May 20, 2014 - NACE Corpus Christi Section
Transcript May 20, 2014 - NACE Corpus Christi Section
Oilfield Water Analysis:
What Does It all Mean?
CORPUS CHRISTI, TX – NACE SECTION MEETING
MAY 20, 2014
API RP 45 committee started 1958
Latest version 1998
No current NACE Standard
APPLIED WATER TECHNOLOGY
by Dr. Charles Patton, Campbell Petroleum Services
Second Printing 1991
OIL FIELD WATER TECHNOLOGY
by Michael Davies and P.J.B. Scott
pH, CO2, H2S, O2 and alkalinity must be run
in the field for accuracy.
If possible, overfill sample container and seal
to minimize loss of gasses.
Go ahead and splurge: use a new sample
container, not an old Coke bottle.
Deliver samples to lab as fast as possible.
Note field readings.
MUST HAVE FIELD KITS
1. pH meter
2. Carbon Dioxide (CO2)
3. Hydrogen Sulfide (H2S)
4. Oxygen (O2)
5. Total Alkalinity
(available from HACH, Chemetrics, Calgon)
RESULTS AND WHAT THEY MEAN I
ppm, mg/L, me/L
weight/weight or volume/volume
weight per volume, used by API
with distilled water
(milliequivalent/L): expression of chemical
combining power of the electrolyte in a fluid;
used to check balance of cations/anions
Patterns: used to compare various waters
by constituents; see API form
RESULTS AND WHAT THEY MEAN II
The single most important measurement
Normal oilfield range = 6-8
by CO2, H2S, Fe, bicarbonate, alkalinity
in pH are logarithmic: pH 8 = 10 x pH 7
RESULTS AND WHAT THEY MEAN III
Sodium (Na): 40 % of the Sodium Chloride (Brine)
Used to force balance the sum of cations and anions
Calcium (Ca): part of the measure of the “hardness” of
water; can lead to the formation of Calcium Carbonate or
Calcium Sulfate scale.
Magnesium (Mg): another part of the total “hardness”
of water; can contribute to formation of scale.
RESULTS AND WHAT THEY MEAN IV
Barium (Ba): This is the “bad boy” of scale formation.
Limited solubility in produced waters and insoluble in acid.
Iron (Fe): Either naturally occurring from formations or
as the result of corrosion of steel. Separate acidized sample
In sour (H2S) systems: Look for Manganese (Mn).
Calcium Carbonate (CaCO3):
depends on temperature, pressure and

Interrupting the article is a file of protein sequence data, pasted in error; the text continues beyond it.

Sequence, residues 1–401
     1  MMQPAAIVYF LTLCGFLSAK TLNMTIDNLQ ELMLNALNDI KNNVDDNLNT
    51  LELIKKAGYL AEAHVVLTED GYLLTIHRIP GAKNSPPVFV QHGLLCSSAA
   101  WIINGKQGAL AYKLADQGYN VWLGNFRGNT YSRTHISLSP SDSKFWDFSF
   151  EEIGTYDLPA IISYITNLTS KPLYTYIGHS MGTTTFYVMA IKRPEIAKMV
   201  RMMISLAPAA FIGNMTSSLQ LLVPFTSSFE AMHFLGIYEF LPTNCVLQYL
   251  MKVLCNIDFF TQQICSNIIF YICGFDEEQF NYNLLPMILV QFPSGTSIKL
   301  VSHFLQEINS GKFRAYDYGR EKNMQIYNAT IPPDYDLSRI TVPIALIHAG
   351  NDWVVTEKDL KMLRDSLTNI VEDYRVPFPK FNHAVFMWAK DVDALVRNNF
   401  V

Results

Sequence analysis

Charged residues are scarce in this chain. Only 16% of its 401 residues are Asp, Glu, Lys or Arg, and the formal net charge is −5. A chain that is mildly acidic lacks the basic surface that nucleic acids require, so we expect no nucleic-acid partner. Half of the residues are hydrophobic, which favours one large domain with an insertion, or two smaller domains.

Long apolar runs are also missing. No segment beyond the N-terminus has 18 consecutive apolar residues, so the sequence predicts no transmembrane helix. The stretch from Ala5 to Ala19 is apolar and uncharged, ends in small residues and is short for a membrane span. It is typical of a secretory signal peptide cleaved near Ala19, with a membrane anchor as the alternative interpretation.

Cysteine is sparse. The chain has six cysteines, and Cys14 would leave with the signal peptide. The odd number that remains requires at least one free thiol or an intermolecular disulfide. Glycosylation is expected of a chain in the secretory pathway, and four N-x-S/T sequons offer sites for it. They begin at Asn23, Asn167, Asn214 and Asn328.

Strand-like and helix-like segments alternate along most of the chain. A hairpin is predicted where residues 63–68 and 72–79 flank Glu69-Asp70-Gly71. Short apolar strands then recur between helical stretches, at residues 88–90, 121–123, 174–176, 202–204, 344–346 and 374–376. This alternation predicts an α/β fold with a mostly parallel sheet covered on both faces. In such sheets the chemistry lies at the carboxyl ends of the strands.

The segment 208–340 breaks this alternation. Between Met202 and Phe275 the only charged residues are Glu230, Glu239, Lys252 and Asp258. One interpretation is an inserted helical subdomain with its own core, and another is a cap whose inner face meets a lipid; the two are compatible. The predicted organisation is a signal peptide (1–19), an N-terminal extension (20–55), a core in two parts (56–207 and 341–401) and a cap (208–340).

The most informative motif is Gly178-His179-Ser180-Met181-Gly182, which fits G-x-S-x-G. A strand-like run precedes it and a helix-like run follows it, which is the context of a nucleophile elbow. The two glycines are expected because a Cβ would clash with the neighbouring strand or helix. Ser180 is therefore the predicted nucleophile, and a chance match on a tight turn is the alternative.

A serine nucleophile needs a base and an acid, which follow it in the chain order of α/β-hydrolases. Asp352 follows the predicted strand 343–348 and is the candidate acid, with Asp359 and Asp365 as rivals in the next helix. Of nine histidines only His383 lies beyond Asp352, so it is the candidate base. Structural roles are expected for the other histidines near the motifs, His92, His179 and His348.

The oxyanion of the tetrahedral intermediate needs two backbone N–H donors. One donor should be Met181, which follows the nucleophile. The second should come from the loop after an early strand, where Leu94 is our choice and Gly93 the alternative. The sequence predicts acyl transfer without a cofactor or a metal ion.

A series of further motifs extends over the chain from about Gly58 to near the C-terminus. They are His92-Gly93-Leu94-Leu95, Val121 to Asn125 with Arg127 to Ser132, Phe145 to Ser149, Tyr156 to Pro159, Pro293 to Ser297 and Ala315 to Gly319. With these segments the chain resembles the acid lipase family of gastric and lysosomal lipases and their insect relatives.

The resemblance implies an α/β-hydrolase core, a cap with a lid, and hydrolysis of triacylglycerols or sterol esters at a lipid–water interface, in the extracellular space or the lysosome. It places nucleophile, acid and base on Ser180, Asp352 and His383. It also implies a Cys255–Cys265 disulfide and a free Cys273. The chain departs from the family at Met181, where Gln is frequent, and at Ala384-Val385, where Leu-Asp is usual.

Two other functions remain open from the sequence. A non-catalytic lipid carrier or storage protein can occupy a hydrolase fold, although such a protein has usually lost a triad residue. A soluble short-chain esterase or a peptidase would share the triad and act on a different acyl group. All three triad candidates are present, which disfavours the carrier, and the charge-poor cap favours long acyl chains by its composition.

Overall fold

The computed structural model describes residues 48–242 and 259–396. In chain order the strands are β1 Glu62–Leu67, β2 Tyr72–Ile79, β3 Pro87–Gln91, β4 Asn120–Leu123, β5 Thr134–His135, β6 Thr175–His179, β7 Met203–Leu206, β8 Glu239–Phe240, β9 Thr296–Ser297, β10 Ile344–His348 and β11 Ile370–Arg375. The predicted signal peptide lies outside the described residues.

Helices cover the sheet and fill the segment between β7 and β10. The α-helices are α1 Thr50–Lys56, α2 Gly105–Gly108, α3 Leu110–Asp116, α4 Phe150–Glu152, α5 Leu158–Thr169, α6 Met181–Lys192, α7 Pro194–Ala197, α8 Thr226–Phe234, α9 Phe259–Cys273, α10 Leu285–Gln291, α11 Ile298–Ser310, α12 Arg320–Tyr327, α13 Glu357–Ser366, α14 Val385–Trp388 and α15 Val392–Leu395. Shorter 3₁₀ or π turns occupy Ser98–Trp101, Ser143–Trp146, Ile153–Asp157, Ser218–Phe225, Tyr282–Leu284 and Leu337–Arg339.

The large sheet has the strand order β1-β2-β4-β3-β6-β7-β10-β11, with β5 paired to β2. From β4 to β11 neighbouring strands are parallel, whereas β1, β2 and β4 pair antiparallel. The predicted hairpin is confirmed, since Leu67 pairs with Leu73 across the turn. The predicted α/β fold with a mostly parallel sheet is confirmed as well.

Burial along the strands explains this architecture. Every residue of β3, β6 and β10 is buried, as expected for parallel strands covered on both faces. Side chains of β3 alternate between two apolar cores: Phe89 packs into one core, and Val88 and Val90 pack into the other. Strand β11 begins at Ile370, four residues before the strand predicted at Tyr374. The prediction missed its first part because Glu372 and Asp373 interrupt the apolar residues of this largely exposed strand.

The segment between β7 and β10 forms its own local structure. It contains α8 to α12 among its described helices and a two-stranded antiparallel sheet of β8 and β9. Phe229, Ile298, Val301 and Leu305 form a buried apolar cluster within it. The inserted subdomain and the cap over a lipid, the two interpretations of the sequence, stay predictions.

concentration of ions. Acid soluble.
of scale formation increases with:
Partial Pressure of CO2 decreases
Total pressure decreases as TDS decreases
Calcium Sulfate (CaSO4)
acid soluble but may be “converted”
depends on temperature, pressure,
of scale formation increases with:
Increase in temperature
Increase in dissolved salts, up to 150F
Increase in pressure
pH has little effect on CaSO4
Barium Sulfate (BaSO4)
Least soluble of all scales.
Scale likely to occur whenever both Ba and
SO4 are present in a water.
slightly with temperature
Increases slightly with dissolved salts
Increases slightly with pressure
pH, no effect on solubility
RESULTS AND WHAT THEY MEAN V
Chloride (Cl): 60% of the Sodium Chloride
compound (NaCl, Brine). NaCl will be generally 80% of
Sulfate (SO4): Combines with Ba & Ca to form
Carbonate (CO3): “P” Alkalinity found in water with
pH above 8.3
Bicarbonate (HCO3): “M” Alkalinity in water with pH
between 4.5 & 8.3. Buffers corrosiveness of brine.
RESULTS AND WHAT THEY MEAN VI
Specific Gravity: The weight of a test sample
compared to the weight of distilled water (1.0). TDS
Resistivity: Resistance to electrical charge. The
higher the resistivity the lower the salinity. Measured
Hydrogen Sulfide (H2S): Acid gas contributes to
Carbon Dioxide (CO2): Acid gas contributes to
Oxygen (O2): Most corrosive of gasses in
Corrosion in oilfield water is caused by one of the
Oxygen (O2):, does not affect pH; deep pits caused by
Carbon Dioxide (CO2): Partial Pressure important;
Mesa type attack.
Hydrogen Sulfide (H2S): affects pH, shallow pits;
creates FeS (black water/solids).
Bacteria: Localized pitting caused by low pH (<3); not
part of API water analysis but very important to corrosion
API water analysis very useful tool but you
need to understand what it is telling you.
pH: high or low i.e. scale or corrosion
Brine level: 20,000 Cl (low), 80,000 Cl (high). How will
this affect scale/corrosion?
Am I forming scale? (Ba, Ca, SO4, CO3) Is it acid
soluble? What temperature? What pressure?
Do I have corrosion? pH, Bicarbonate, FeS?
Is this water significantly different than last time? (water
How will water analysis affect bacteria analysis? (Cl,
TDS, O2, H2S)